There are 12 products approved for PAH across 4 drug classes, as shown in Figure 3. Similar to the Gaucher’s drugs, we calculated the current annual price per patient and yearly revenues beginning from 2008.

Figure 3. Pricing and Revenues (in Millions) for Drugs Approved to Treat Pulmonary Arterial Hypertension

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The PAH market confirms some of the conclusions we made from the Gaucher’s data and also provides insight into the sales dynamics within orphan indications. We conclude that first-in-class agents have a distinct market advantage, strong pricing is preserved as subsequent drugs are approved in the same drug class, and PAH supports multiple therapies across the drug classes.

First-in-Class Agents Have a Tangible Market Advantage. GlaxoSmithKline’s (NYSE: GSK) Flolan was the first approved therapy for PAH and received marketing authorization in 1995. Accurate sales values for Flolan prior to 2011 are unavailable, so we were unable to make a definitive conclusion regarding its initial market penetration. However, we did observe a market advantage for a first-in-class agent. Actelion Pharma’s (XETRA: ACT) Tracleer was the first approved endothelin receptor agonist (ERA) for PAH. It generated sales of $1.6 billion in 2014, accounting for about 40% of the PAH market. This is partially due to the tendency for PAH patients to remain on their initially prescribed therapy and not switch to new agents. Newly diagnosed patients typically begin therapy with an agent from the PDE5 or ERA class. As their disease worsens, they add a second treatment from another class. Tracleer’s market share is only beginning to erode as existing patients succumb to their disease and newly diagnosed patients choose best-in-class agents such as Actelion’s Opsumit (macitentan). Actelion owns both agents and is contributing to the shift by focusing commercialization efforts on Opsumit, the more recently approved agent with the most patent life. This dynamic does not detract from the significant revenues Tracleer has and continues to generate.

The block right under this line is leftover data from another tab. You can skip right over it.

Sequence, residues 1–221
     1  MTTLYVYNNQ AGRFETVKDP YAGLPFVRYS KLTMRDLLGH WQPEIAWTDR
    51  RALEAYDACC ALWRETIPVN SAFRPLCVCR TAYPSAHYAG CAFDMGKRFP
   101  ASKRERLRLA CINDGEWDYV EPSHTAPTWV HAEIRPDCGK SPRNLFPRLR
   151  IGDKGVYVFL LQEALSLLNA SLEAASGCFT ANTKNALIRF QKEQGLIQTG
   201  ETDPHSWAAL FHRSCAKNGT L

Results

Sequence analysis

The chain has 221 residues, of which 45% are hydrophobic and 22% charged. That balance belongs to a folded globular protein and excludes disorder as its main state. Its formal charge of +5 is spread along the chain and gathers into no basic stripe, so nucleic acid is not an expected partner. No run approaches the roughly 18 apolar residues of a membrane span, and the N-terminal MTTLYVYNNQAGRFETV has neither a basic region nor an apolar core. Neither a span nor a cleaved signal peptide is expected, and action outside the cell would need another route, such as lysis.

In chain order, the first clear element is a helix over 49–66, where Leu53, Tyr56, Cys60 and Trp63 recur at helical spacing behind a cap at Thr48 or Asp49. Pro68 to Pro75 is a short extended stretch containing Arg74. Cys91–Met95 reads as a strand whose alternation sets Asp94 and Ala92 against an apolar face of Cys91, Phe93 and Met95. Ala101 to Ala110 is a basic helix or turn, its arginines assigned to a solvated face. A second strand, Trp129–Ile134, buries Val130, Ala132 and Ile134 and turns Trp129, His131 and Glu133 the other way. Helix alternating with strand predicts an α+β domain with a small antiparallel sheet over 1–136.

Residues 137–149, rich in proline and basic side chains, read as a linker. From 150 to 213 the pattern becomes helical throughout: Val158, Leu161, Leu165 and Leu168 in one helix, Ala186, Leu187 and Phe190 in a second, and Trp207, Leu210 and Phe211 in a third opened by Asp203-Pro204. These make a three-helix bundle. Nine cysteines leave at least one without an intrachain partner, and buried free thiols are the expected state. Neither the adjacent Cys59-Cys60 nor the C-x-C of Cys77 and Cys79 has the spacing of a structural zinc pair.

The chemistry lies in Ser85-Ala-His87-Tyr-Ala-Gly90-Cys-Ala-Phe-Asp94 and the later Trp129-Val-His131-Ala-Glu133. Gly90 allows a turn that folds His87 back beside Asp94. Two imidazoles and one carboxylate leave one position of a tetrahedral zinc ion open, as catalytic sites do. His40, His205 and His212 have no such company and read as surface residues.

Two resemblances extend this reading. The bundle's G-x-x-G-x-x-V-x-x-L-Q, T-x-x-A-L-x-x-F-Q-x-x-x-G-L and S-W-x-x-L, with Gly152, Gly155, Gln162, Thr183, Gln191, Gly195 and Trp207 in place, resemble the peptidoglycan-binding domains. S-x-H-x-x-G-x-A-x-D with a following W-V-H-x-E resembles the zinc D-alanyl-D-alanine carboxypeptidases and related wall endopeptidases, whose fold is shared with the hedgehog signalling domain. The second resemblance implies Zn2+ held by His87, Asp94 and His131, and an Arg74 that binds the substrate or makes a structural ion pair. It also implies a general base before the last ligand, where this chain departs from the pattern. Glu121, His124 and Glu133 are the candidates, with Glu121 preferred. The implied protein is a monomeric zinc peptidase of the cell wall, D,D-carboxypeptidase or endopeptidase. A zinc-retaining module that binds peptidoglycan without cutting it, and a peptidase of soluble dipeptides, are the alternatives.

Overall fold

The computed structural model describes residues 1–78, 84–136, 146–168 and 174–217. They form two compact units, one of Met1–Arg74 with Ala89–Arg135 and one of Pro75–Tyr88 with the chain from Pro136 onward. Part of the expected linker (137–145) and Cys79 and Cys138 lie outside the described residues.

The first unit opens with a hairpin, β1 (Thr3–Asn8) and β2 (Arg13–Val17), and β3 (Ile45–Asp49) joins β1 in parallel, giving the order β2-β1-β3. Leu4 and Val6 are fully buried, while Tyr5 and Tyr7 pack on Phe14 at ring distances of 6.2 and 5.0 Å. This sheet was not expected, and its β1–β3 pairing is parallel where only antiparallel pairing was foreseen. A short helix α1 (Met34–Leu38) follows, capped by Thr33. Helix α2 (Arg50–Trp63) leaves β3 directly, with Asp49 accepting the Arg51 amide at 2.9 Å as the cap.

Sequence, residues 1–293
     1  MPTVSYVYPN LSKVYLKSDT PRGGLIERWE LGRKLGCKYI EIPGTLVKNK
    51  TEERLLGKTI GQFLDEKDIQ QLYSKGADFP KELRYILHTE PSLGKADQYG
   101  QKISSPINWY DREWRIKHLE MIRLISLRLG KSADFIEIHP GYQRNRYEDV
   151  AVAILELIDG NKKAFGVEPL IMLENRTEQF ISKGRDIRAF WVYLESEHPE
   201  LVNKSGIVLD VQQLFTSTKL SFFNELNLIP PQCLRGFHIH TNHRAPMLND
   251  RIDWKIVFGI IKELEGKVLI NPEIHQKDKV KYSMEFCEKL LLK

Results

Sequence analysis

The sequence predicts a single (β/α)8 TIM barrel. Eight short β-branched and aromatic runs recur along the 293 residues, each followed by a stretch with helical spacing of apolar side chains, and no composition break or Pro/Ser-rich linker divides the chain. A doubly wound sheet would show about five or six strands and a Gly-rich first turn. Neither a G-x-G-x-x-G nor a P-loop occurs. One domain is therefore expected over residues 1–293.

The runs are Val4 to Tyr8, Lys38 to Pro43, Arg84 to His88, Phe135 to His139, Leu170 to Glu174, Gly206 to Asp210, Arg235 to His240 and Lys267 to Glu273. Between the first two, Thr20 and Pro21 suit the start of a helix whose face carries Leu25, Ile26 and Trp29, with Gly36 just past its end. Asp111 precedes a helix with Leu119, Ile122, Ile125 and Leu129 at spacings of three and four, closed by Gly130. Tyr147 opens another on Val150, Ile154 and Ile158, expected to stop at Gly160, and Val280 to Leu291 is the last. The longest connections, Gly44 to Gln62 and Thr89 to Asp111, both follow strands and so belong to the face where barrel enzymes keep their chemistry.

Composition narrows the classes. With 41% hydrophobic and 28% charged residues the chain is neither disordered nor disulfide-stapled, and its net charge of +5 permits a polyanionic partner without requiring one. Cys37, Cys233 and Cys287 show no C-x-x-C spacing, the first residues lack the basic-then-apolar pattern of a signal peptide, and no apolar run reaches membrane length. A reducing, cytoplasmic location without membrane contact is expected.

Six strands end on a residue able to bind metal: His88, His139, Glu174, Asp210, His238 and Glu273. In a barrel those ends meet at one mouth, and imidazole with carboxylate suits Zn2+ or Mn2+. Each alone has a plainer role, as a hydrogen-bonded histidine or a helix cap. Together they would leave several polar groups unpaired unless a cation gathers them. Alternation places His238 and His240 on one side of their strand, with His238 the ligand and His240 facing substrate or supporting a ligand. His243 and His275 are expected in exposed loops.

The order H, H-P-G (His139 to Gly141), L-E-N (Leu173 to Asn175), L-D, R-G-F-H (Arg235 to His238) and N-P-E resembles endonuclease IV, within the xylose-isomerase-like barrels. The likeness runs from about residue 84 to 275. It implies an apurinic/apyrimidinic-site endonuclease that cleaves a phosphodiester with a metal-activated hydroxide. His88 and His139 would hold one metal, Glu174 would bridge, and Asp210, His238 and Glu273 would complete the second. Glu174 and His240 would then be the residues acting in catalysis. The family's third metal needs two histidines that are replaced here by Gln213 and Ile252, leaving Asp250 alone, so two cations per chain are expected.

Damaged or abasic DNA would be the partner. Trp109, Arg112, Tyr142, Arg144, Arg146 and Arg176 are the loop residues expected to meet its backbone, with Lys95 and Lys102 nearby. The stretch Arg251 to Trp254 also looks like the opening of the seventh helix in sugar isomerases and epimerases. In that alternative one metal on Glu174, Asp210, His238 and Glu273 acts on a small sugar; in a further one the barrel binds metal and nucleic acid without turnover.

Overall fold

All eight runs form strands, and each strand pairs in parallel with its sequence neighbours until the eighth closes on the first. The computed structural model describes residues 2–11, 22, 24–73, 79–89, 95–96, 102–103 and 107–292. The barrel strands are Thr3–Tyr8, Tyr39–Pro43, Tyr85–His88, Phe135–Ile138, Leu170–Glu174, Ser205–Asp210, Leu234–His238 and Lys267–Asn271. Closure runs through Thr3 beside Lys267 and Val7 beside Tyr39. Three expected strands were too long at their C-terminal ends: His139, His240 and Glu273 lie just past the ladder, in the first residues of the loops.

Strong Pricing is Preserved in Each Drug Class. Half of the drugs approved in PAH are priced at $90,000 per year or greater. They are all small molecules, and the $90,000 per year value falls in line with the mean price we derived for the small molecules analyzed in Figure 1. We also found that drugs that are second or even third to market for any of the four drug classes sustain strong pricing. Subsequent drugs launched in a given class may compete for overall sales, although companies are clearly not trying to compete with one another on price. It is worth noting that Revatio and Adcirca, both PDE5 inhibitors, are priced lower than the 10 other PAH products. Both of these drugs have been previously approved for erectile dysfunction and are therefore priced similar to that indication.

Orphan Indications can Support Multiple Therapies. There are 12 products approved for PAH, an indication with approximately 10,400 patients in the US. Five of these therapies are expected to have generated sales of $400 million or greater in 2015. The success of multiple drugs in PAH can be attributed to the way the disease is managed, which we discussed above. The tendency for combination therapy equals more revenue per patient. There have also been routine price increases for PAH drugs and greater diagnosis of the disease. All these factors have led to an overall expansion of the PAH market. Figure 4 shows the growth in the overall PAH market.

Figure 4. Growth of PAH Market in Terms of Sales